by Miki Hasegawa
There is a common saying that we should “never judge a book by its cover”. It can’t be more true for Internal Notebook by Japanese photographer Miki Hasegawa.
I encountered this amazing book on the last day of judging at the 77th Pictures of the Year at the Missouri School of Journalism. By then, all the judges, including myself, were tired and just wanted to wrap up as soon as possible.
To be honest, I could have easily missed it because the cover was so ‘childish’ and nondescript. So I’m very glad I delved into it and allowed myself to be educated.
I’m very proud that we looked at it carefully and gave the Photography Book of the Year award to it.
On hindsight, I am very sure that it was a deliberate and clever choice to give the readers the false feeling that they are about to open a diary of a teenager.
It’s a journal of sort but not one you are expecting. There is nothing sweet and innocent here.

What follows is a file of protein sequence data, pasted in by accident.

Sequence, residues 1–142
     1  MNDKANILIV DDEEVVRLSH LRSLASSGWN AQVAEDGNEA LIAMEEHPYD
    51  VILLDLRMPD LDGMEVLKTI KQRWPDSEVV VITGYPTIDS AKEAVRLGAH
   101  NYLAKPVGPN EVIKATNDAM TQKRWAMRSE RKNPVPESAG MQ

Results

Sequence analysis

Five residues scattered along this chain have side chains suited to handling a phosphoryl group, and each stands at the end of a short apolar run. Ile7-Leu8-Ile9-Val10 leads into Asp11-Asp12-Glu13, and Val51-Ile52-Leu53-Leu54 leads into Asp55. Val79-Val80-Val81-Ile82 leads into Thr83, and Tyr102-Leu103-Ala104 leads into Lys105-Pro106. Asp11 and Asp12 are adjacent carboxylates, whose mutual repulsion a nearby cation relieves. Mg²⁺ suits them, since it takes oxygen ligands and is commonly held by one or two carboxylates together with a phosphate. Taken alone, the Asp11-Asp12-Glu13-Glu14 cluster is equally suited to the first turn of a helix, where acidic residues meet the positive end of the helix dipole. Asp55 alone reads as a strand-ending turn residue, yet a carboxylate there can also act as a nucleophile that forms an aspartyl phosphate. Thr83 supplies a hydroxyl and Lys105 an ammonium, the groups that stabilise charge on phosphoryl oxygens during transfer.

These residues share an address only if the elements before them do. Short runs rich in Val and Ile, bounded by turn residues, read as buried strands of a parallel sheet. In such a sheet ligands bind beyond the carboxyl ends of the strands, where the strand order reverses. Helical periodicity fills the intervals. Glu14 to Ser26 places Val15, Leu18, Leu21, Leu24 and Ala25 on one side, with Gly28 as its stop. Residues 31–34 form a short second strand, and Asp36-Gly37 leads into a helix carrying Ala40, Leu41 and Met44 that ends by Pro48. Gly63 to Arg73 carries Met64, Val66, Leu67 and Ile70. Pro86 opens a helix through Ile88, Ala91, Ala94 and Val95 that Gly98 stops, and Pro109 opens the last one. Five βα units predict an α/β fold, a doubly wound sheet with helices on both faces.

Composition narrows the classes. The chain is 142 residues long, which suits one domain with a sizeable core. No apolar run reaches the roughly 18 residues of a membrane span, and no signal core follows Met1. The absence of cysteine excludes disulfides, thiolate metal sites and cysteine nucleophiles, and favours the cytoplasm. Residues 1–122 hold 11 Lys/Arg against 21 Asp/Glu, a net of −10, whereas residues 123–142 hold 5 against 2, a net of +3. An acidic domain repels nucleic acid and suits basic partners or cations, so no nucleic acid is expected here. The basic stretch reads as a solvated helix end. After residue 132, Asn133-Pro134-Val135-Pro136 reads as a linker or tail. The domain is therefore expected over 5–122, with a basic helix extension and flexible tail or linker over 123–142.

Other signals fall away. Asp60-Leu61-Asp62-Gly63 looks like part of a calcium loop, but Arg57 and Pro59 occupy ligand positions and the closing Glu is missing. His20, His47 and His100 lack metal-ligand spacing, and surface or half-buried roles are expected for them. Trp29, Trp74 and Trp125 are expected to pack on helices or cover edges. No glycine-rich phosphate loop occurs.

Every year, hundreds of children are abused in Japan and many end up in death if not permanent bodily and mental damages.
While it would be impossible for Hasegawa or anyone to be there when the abuses happened, she has found a powerful way to tell the stories of the individual victims by revisiting the crime scenes or by photographing the weapons used or the scars inflicted.
Accompanying the ‘quiet’ images are often succinct but important backstories to give the readers context.
This book contains lots of surprises which can be in the form of an insert of a diary entry or a sketch by a real victim. There are also powerful interviews with survivors.
The entire packaging is thoughtful with one basic intention – for the readers to want to care about every victim.
I don’t think it is the author’s aim for you to read everything cover to cover in one sitting. I don’t think any number of tissue packs or toilet rolls you have stockpiled during Covid-19 is going to be enough to see you through this very very emotional journey.
Personally, I can only look at a few case studies in one go, then I’ll need to go watch some stupid sitcoms on Netflix.
I won’t recommend it but if you are a real sucker for punishment, read it and then watch Hirokazu Kore-eda‘s Nobody Knows.
Hasegawa handmade 66 copies of this book at an workshop with Yumi Goto at Reminders Photography Stronghold in 2015 and they are completely sold out. I’m thankful that Italian publisher Ceiba Editions has released it in a limited trade edition.